How Parents Can Help
“There is a lot parents can do to help kids be successful no matter how they learn, regardless of how they started out,” Dr. Yellin says. “One of the most powerful predictors of success [for children] is having an adult that believes in them, supports them, has high expectations of them and accepts them for who they are.”
Judy Winter, an award-winning writer and author of Breakthrough Parenting for Children with Special Needs: Raising the Bar of Expectations, agrees. “There is true parenting power in a parent’s unconditional, unwavering love and commitment to their child; I’ve seen the results time and again, including in my own life,” Winter says. “It’s the kind of power that can and does change the lives of children with special needs and the lives of their families.”
Winter says that parents should educate themselves and be prepared to be an advocate for their child. “Parents need to have a solid understanding of their child’s diagnosis, the laws protecting the rights of children with special needs, and their own clear goals for that child,” she says. “And they must believe in the value of that child and their right to a better life. That belief helps fuel more effective parenting advocacy and solid decision making.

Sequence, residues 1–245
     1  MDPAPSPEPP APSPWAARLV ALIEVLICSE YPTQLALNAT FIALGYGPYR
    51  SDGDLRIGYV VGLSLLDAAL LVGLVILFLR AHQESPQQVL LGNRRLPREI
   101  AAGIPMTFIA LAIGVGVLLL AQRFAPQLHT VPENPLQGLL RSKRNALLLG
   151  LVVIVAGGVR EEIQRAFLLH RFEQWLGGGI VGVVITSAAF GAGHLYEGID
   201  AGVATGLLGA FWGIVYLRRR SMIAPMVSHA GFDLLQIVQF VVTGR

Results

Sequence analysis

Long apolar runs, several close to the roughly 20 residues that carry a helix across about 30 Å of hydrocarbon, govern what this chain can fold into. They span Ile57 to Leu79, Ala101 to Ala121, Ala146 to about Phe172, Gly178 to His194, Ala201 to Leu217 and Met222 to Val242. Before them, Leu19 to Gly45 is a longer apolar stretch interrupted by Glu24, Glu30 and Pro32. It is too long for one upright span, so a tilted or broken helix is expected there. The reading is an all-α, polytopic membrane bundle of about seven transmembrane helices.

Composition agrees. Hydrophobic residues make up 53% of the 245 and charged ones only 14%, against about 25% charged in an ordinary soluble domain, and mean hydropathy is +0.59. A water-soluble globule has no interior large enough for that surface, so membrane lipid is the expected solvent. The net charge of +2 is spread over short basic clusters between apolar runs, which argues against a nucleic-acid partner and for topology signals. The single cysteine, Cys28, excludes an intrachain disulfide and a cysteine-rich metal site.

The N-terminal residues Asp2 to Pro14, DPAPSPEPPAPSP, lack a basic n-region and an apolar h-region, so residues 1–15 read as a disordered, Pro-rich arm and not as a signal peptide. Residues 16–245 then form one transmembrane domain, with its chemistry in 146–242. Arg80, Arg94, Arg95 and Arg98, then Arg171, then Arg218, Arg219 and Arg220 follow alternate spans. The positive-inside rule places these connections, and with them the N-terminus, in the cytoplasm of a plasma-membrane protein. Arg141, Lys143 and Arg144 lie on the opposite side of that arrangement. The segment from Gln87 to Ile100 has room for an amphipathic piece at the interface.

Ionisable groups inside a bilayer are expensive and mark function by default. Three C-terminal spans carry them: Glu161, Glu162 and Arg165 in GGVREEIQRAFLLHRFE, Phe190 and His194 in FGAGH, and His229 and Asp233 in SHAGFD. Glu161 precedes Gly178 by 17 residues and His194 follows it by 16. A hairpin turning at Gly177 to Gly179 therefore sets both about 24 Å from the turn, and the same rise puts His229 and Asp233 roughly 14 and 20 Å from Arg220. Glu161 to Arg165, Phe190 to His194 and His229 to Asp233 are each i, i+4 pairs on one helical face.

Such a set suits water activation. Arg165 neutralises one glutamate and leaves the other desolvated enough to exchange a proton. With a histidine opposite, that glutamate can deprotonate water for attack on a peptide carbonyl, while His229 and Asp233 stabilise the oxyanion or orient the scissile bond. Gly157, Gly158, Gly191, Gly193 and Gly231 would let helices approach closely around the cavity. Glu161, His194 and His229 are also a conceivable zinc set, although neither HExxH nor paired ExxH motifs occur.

“The most important thing that a parens should do if he/she suspects their child of having a disability is to trust their gut instincts and get that child a professional assessment as soon as possible,” Winter says. “Early intervention is a key for a child’s disabilities because the sooner that child receives a correct diagnosis, the sooner the family can seek out the necessary support and important services, including early intervention and special education, services that can help that child achieve greater life success, regardless of the diagnosis.”
As for Sahara Peti? Her mother says she is now enrolled in a program that recognizes her different style of learning. “She is enjoying being at school now and has even begun reading,” Peti says. “The teachers there know that she is just a girl who needs to be taught differently.”
Organizations That Can Help
All Kinds of Minds – http://www.allkindsofminds.org
The Center for Learning Differences –
Council of Parent Attorneys and Advocates –
Advocate for Children of NY –
Learning Disabilities Association of America –